Gay footballer Robbie Rogers urges athletes not to boycott Sochi Winter Olympics

Illustrated rainbow pride flag on a white background.

Gay US footballer Robbie Rogers has called on athletes not to boycott the 2014 Sochi Winter Olympic Games.

The 26-year-old made his comments in a column for USA Today in which he urged people not to “act impulsively by jumping on the boycott bandwagon”

Rogers who is himself a former Olympics participant has added his voice to the debate and has urged fellow athletes to compete to try and pave the way for change in Russia.

He referred to the 1936 Summer Olympics in Berlin and spoke of Jesse Owen’s participation at the event, saying: “had the US boycotted and Jesse Owens had missed the event an important historical teaching moment would have been lost.”

The LA Galaxy star went onto say: “Let’s hope that President Vladimir Putin and the Russian government have provided all of us with an international teachable moment. If we take the time to think about how to make that happen and don’t act impulsively by jumping on the boycott bandwagon, perhaps the 2014 Winter Olympics in Sochi, Russia can be remembered instead for moving the ball forward in the fight for equal rights for all people everywhere. That’s my Olympic dream.”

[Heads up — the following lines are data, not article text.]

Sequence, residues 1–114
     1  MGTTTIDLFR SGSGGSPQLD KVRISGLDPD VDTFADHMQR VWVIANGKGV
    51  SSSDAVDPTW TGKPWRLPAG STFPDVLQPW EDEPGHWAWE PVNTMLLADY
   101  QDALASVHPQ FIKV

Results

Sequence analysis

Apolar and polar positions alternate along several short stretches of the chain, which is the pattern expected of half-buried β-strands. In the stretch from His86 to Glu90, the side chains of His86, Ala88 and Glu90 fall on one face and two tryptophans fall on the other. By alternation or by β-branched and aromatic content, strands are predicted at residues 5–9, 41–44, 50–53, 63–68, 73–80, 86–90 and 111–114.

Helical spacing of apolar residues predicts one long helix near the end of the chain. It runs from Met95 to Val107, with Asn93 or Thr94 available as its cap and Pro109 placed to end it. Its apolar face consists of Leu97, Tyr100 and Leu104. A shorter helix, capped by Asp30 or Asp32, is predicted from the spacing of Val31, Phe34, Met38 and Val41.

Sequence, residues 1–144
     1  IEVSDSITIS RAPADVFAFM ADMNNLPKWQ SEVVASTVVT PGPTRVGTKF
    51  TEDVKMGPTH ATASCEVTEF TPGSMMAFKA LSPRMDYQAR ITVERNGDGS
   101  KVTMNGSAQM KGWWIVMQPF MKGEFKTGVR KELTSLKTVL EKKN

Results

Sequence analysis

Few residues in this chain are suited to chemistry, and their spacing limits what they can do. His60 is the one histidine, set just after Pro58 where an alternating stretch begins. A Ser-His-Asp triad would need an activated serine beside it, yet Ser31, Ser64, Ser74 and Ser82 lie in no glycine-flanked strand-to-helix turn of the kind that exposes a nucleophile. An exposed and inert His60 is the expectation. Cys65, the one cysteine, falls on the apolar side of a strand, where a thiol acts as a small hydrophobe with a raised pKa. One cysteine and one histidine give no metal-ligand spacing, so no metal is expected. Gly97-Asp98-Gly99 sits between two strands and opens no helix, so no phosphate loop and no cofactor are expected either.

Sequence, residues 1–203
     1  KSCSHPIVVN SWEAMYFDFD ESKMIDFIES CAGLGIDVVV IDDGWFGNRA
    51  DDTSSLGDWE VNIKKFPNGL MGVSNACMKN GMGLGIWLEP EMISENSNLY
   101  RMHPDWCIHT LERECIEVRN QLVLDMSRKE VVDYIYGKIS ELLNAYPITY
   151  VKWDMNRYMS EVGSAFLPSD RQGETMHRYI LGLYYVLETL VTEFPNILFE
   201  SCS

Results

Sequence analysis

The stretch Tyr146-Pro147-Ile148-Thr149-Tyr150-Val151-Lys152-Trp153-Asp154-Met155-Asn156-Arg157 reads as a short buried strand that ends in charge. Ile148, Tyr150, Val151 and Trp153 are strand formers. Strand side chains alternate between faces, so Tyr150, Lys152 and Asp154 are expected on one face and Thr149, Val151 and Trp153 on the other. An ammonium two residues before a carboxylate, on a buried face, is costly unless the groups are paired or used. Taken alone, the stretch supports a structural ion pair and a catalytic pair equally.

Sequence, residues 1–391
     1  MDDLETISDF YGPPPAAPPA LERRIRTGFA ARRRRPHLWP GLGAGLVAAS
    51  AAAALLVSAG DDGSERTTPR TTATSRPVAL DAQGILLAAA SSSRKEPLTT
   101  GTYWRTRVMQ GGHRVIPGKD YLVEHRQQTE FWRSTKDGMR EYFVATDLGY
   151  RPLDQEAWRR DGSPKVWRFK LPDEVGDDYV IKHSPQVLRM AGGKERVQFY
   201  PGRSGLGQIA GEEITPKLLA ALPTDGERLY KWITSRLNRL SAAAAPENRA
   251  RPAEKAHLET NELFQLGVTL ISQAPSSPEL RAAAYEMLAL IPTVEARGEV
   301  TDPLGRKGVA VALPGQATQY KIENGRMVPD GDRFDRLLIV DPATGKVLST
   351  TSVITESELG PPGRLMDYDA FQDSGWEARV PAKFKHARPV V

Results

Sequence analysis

However Rogers did go onto say that he took issue with the recent announcement that the International Olympic Committee (IOC) were going to penalise any athlete who went to Sochi with a gay rights symbol arguing that athletes should be “encouraged to carry the symbol of gay pride.”

The stance taken by Rogers differs from that of Stephen Fry who also cited the 1936 Berlin Olympics as an argument in favour of a boycott of the Sochi Games. Mr Fry argued that countries that send athletes shall only lend confidence to President Vladimir’s position.

The IOC has been widely criticised for the lack of action it has taken in protesting Russia over it’s anti-gay legislation with some members including Lamine Diack calling for Russian law to be respected.

The international football governing body FIFA yesterday called on Russia to give “clarification and more details” about the laws ahead of the 2018 World Cup due to take place in the country.

After going public about his sexuality in February, Rogers briefly announced his retirement from the game, but he has since returned to professional football and now plays for Los Angeles Galaxy.

Speaking on his experience coming out as a US player in May, Mr Rogers said: “People have seen how accepting everyone has been of Jason’s and my story. I think it’s going to take just more time and more athletes coming out. It’s all about seeing that it’s not something to be afraid of. It’s not going to hurt your career.”